18. Excellent insights. But how would you apply these to single women? I’m married with children now, but all women are single at some point(s) in their lives.

  19. michelle c says:

    Needed this tonight, thanks. I’m a totally exhausted single mom with 3 boys, two teens and a preschooler. Tonight I came home after a 14.5 hr shift exhausted, and still found joy in seeing my children – enough that I found just a bit more energy for them. Loving my boys is the easiest thing in the world, and I would be emotionally barren if I couldn’t come home to them. They are worth everything I can muster, and often more that that. I only wish I could be around for them more. But they will never doubt one day how very much they are loved. Thanks again.

  20. Mr. Mike says:

    Matt, please remove your Liberal panties. LOL ! Another great post ! You put my thoughts into the most eloquent words. As a middle aged Veteran I cannot thank you nor tell you what an inspiration you are considering your age. I cannot but Pray that there are many more fine people like you in my Country. Few things, ever, give me hope that my service and beliefs were right. Until I saw your blog. May God Bless you richly in ALL ways !

  21. Joe says:

    Home run. Absolutely fantastic. Looks like a family of amazing people.

  22. Kate says:

    HI there! I appreciate the sentiments and personal reflections. Seems like you have a beautiful family. I do, though, have to highly contest your usage of feminism and offer than, at its most basic level, feminism advocates for the equality of women in an otherwise unequal system. Many men claim the label feminist as well. Though feminism has manifested itself in many forms which may disagree with each other, the foundational cornerstone is equality. For those who do not have the normative privilege of equality, feminism is often a lifeline.

    • Salty Bear says:

      I find it unsettling that feminism requires an unequal system to exist; it has to assume unequality “a priori” to be legitimate. If it’s all about equality, why is it called “feminism”?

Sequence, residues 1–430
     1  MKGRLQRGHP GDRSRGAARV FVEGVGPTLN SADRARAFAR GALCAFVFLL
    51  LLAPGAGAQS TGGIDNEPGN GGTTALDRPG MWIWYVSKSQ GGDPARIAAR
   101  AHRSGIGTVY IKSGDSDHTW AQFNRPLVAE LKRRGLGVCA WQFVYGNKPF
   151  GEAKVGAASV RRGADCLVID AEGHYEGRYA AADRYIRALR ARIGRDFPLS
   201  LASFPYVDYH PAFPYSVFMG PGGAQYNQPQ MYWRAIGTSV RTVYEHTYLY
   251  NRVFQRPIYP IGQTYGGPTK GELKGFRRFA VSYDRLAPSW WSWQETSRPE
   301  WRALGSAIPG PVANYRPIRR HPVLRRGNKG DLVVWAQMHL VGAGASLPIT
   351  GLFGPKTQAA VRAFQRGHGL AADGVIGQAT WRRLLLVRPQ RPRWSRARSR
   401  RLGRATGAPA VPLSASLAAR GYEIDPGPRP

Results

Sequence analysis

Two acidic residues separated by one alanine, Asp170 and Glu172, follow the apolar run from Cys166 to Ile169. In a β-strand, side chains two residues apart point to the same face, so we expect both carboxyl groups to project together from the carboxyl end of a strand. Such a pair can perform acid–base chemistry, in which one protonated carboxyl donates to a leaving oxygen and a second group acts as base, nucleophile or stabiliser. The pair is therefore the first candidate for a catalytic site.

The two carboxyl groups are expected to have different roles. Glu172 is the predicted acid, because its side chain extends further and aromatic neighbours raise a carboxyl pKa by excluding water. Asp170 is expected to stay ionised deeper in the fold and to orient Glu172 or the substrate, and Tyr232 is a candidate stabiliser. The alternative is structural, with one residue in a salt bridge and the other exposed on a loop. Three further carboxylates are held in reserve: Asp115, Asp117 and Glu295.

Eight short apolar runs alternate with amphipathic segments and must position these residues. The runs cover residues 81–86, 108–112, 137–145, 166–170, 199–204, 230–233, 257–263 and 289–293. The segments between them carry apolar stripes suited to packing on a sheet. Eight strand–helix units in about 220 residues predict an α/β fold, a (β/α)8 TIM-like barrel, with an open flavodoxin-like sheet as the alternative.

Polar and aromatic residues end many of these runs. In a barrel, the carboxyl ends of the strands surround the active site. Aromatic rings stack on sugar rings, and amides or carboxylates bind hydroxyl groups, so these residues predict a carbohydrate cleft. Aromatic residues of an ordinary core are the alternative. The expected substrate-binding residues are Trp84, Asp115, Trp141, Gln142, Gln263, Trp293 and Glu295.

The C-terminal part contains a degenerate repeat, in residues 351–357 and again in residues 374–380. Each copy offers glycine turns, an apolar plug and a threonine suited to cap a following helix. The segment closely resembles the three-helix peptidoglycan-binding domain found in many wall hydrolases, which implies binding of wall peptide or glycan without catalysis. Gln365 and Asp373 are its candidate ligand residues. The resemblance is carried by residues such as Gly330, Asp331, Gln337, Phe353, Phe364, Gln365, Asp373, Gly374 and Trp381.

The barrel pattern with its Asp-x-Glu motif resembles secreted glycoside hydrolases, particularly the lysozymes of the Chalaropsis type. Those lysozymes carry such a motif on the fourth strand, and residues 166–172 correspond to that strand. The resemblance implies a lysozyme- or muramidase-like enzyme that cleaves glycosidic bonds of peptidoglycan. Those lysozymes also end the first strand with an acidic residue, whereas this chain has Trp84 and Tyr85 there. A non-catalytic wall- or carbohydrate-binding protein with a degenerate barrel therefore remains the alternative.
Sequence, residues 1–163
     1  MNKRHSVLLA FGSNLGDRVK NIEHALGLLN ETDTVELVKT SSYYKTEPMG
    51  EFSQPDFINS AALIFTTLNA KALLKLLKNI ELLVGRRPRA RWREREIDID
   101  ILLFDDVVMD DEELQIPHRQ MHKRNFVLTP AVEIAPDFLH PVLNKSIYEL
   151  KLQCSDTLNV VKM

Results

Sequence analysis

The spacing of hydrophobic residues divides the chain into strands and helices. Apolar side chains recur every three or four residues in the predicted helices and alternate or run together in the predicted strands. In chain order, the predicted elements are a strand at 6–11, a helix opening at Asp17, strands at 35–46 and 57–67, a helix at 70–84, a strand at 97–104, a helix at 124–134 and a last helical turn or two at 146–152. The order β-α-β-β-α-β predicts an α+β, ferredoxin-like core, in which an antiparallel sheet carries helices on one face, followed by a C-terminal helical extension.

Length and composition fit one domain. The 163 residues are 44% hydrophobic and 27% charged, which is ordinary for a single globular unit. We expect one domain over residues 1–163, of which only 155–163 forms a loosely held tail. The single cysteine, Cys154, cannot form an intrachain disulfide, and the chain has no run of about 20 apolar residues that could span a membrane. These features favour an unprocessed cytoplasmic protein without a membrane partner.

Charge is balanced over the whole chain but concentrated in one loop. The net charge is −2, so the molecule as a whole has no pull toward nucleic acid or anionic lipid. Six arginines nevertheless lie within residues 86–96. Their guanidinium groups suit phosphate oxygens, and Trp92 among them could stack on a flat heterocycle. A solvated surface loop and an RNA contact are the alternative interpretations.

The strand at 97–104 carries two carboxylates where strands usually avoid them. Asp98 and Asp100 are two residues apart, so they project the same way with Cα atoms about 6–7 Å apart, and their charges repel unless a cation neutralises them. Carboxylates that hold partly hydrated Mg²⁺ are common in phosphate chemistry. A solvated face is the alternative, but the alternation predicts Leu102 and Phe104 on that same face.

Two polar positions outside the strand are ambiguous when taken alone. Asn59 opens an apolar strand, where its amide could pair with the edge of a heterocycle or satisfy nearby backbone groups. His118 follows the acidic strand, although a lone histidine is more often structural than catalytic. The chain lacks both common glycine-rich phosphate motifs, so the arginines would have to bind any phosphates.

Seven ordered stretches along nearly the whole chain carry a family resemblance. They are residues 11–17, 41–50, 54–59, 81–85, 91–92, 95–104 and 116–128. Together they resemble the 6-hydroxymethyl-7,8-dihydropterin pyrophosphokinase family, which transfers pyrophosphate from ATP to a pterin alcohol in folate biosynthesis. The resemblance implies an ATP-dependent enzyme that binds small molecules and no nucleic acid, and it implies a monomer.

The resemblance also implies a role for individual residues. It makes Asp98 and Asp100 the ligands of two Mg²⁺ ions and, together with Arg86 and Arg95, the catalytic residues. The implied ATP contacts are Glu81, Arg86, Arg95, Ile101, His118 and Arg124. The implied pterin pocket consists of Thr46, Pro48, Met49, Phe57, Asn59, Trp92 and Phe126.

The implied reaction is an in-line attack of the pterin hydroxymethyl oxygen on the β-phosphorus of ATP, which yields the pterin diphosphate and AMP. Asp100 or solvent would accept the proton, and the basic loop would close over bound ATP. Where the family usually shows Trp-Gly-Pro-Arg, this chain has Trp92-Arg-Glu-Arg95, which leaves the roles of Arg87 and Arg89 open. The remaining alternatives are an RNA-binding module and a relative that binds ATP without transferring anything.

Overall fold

I’m not a denier. I know that women often face prejudices that men don’t (there’s a war against boys too, but it’s not popular to give creedence to the fact). But the label “feminism” raises a red flag because the term is dishonest. There is no end goal in feminism. It’s like the war on terror in that it goes on and on because no one can define victory.

      If it’s really about equality, why isn’t it called egalitariansim? Can I be a masculinist and still uphold equality for women?

      What the word “feminism” should really mean is women being true to their divine nature. If you are female, celebrate and magnify those beautiful, powerful, feminine characteristics of yours for which this broken, twisted world is starving. Be loving. Be caring. Be gentle. Be warm. Be charitable. Be steadfast and immovable. Let these talents, your divine feminine talents that, let’s be honest, take most men a lifetime to emulate — let these talents blossom and be not ashamed of them.

      As a man, I consider myself something of a “masculinist,” if you will. Not a chauvinist. A masculinist. Integrity. Courage. Humility. Work ethic. Responsibility. Accountability. Respect for sacred things. These, to me, are traits that too many men in mainstream culture are seriously lacking. Men today are not taught to value these attributes. Not that both sexes shouldn’t strive equally for all the attributes I’ve mentioned here, but only that these seem to be our separate sexes’ separate challenges When I say I am a masculinist, I refer to a way of living and imparting values, not the advancement of some indefinite principle of social justice.

      It’s no coincidence that too many of us see feminism as you define it as caring too much about itself as a cause to ever be honest about clearly defining its goals. There must always be some battle unfought, some injustice unresolved for your feminism to survive as an ideology, and its followers cling to it even if they have to clutch at thin air (I call it the Al Sharpton Principle). And maybe it really is that way. Who am I to say different? But my point still stands.

      • Cheyenne says:

        Agreed. Feminism is not really about equality, it’s about special rights. Women and men both should embrace and utilize their unique God-given strengths and attributes, as they once did. And yes, there absolutely is a war on boys and men in our culture. Boys who act too much like boys in school are drugged into compliance. Couldn’t it be that boys are fidgety are unfocused because that’s how boys are? Men in popular culture tend to be portrayed as buffoons at best and total deadbeats at worst. I am married to a wonderful man, a capable man of character and integrity who knows his masculine role and performs it well. He is the way most men used to be before feminism came along and clouded everything. How often do we see men like him on TV?

        • I agree completely with feminism not being about equality (and women’s rights). This is a superficial interpretation. However, I argue that there is a deeper interpretation than the special rights one. It’s all about making “women are victims of men and society” to seem true as much as possible.

          As it turns out, I think there is a very rational explanation as to why this is so.

      • Ann says:

        Well-said! What a world we would live in if women would embrace femininity, and men would embrace masculinity!

      • Kate says: